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From Disco-Punk to Deadlines

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Odds are when you pick up the phone and call Amber's newly minted executive producer Phil Mossman you won't recognize his voice. The soft-spoken Londoner's speech bears little resemblance to another version of his voice that's likely familiar to you—the one rapping the lyrics to Nomis' "Damn Boots" spot that earned a Gold Lion for Best use of Music at Cannes last year.

Phil Mossman and Hector
Phil Mossman and Hector
Mossman was stricken with double pneumonia at the time, and stepped in at the insistence of Amber composer Will Bates. "I was feeling dreadful," Mossman says. "I think that's why my voice is so gruff." Mossman went through the agency's lyrics in one take, wrapped it up and went home to rest.

Mossman came to the advertising industry in 2006 after collaborating with some of the brightest in the music industry. From creating "post-rave electronic stuff" (as he puts it) with Andrew Weatherall in Sabres of Paradise, Mossman met David Holmes, then a techno DJ. Soon, Holmes and Mossman were getting soundtrack work, including Out of Sight and Ocean's Eleven as well as album work, like mixing and production on Primal Scream's Exterminator.

From there, the guitarist-turned-multi-instrumentalist, who had been living in England, met James Murphy and Tim Goldsworthy, who were working with Holmes in the nascent DFA studios in New York. DFA, widely credited with pushing dance-punk hybrids forward in the early '00s, includes artists like the Juan Maclean, Hot Chip and Hercules and Love Affair. Push came to shove and after Mossman's work with Holmes was done he decided to stay in New York (there was a girl involved). Murphy offered him a spot in his "new punk band," LCD Soundsystem in 2001.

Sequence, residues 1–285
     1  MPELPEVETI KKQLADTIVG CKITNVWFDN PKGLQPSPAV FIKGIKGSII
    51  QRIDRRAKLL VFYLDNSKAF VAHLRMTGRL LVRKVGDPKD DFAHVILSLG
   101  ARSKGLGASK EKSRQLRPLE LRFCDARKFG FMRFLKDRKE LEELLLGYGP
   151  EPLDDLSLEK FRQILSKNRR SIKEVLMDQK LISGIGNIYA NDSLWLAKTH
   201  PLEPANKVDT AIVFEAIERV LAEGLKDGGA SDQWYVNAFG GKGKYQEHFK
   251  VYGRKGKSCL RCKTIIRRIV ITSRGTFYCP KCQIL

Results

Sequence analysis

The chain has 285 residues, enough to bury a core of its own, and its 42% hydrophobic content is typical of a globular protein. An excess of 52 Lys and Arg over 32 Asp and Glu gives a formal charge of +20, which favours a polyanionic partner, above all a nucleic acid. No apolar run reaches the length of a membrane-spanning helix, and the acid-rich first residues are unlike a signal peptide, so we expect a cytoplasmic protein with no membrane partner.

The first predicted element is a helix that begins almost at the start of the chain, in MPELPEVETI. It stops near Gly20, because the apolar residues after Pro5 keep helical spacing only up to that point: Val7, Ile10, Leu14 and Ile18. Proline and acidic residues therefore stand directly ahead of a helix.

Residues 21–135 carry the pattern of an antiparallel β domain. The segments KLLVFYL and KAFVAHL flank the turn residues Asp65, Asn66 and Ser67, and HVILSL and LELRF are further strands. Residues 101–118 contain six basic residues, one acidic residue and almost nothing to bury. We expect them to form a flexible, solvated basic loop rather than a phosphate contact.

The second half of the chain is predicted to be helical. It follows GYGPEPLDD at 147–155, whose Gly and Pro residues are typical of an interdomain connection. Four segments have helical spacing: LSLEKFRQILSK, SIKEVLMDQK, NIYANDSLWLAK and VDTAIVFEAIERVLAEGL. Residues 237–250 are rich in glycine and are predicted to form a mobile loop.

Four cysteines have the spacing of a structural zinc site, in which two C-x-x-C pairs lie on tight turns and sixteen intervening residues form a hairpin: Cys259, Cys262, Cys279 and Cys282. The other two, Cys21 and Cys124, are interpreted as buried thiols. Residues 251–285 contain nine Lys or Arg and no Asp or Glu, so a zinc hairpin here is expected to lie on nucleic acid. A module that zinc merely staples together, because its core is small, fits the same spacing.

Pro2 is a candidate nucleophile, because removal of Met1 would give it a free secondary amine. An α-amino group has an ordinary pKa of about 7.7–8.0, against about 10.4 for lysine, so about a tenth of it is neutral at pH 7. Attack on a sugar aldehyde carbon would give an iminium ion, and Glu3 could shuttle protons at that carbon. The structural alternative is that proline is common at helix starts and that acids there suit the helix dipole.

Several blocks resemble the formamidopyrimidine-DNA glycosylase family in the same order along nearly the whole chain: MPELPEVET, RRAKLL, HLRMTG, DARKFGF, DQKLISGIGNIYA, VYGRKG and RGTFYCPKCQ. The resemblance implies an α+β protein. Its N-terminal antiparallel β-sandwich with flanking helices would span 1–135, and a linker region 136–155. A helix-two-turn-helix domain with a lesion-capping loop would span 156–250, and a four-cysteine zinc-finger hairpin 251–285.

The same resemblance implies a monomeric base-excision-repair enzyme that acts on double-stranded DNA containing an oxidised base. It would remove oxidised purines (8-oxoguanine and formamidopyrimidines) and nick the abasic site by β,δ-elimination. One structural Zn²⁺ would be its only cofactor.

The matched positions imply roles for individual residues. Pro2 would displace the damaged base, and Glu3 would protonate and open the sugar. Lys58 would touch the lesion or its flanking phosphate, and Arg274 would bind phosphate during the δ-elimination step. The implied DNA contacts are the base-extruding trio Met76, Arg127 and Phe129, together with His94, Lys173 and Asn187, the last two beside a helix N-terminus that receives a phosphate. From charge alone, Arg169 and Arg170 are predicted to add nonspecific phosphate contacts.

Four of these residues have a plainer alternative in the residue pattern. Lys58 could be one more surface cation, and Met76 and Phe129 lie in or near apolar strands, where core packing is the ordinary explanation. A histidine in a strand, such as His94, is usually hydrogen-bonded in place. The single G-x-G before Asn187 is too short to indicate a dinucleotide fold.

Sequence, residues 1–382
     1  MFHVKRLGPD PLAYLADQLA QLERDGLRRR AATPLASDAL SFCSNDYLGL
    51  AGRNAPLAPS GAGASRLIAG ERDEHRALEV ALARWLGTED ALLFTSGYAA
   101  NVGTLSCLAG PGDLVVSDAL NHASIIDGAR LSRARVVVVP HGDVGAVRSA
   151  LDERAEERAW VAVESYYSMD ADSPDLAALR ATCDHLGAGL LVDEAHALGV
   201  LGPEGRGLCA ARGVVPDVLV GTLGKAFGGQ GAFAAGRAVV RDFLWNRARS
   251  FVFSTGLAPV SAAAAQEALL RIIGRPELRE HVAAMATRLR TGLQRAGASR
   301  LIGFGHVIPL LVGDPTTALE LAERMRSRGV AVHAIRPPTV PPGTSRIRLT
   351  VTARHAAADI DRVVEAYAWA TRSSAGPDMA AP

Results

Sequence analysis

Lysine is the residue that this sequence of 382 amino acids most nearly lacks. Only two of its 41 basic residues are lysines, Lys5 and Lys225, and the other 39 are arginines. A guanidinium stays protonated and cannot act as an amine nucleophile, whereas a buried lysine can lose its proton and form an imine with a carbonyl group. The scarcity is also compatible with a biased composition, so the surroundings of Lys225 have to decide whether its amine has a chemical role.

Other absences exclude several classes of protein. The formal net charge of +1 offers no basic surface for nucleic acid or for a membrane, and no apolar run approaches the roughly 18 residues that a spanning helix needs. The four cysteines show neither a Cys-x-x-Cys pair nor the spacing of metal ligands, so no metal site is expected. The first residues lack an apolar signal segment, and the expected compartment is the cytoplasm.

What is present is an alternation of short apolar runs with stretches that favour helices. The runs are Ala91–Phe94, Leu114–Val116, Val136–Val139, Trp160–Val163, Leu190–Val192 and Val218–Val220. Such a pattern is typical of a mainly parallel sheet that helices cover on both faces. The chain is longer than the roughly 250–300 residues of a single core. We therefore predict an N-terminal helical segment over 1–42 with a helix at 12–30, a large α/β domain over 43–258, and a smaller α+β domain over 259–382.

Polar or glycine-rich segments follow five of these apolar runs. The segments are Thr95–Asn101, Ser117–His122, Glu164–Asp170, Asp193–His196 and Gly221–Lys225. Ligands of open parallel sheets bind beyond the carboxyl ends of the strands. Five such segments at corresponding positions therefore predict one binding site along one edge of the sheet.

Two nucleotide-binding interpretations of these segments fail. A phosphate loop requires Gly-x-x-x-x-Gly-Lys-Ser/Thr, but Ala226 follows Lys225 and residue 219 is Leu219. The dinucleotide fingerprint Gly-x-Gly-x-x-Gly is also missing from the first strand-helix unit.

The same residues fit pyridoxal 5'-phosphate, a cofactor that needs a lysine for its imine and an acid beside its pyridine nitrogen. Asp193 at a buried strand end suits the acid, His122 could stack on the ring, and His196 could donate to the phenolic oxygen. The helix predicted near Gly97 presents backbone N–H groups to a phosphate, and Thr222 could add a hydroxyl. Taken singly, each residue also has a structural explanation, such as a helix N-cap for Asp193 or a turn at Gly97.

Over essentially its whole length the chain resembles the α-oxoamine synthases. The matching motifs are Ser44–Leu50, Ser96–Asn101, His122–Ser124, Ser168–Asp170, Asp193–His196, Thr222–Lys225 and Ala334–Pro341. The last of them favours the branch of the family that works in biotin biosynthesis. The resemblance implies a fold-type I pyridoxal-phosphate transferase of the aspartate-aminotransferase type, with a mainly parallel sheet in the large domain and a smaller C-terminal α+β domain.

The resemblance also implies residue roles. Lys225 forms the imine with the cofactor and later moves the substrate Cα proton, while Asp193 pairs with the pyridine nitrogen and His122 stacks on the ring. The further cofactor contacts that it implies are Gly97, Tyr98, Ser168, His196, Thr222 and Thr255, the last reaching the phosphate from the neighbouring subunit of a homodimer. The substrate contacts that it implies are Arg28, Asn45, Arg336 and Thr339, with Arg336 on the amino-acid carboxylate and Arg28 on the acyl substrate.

From there, it was five years of touring and playing guitar with the band before slowing down to spend more time with his family, enabled by Amber creative director Michelle Curran, who had an empty composing room. Mossman turned his creative chops to writing music for spots. As time progressed, Mossman found himself taking to a production role as adeptly as composing for ads.

While playing guitar on the road for a highly successful band and executive producing are on opposite ends of the management spectrum, Mossman says he's adapted. "When I was touring, you didn't even have to think of dinner," Mossman says. "Coming back it was a terrible culture shock; I'd freak out at a phone bill. It takes a couple of weeks to learn how to dress yourself again. But now it's a grown-up job, which is why I'm enjoying it so much. "It's the first time Amber's had someone from a musical background doing this job. The biggest key to doing it right is making sure you understand the brief and translating that to all the guys. I loved playing with that band; it was heartbreaking having to leave. But I try and put that level of excitement into what I do now."

So far, that hasn't been difficult. The list of big brands he's touched is impressive. Mossman oversaw Amber's work on Burger King's "Whopper Virgins" campaign as well as Old Navy work from Crispin Porter and Bogusky, the Brooklyn Brothers' Kayak work, Converse for Anomaly and Nike and ESPN Nascar for Wieden & Kennedy.

Additionally, he's keeping in touch with old friends, including the DFA crowd. "Those types of artists are getting more and more interested in doing commercials work; I've got mates that wouldn't have pissed on an ad three or four years ago, now they're calling me up and asking how you get into these things."
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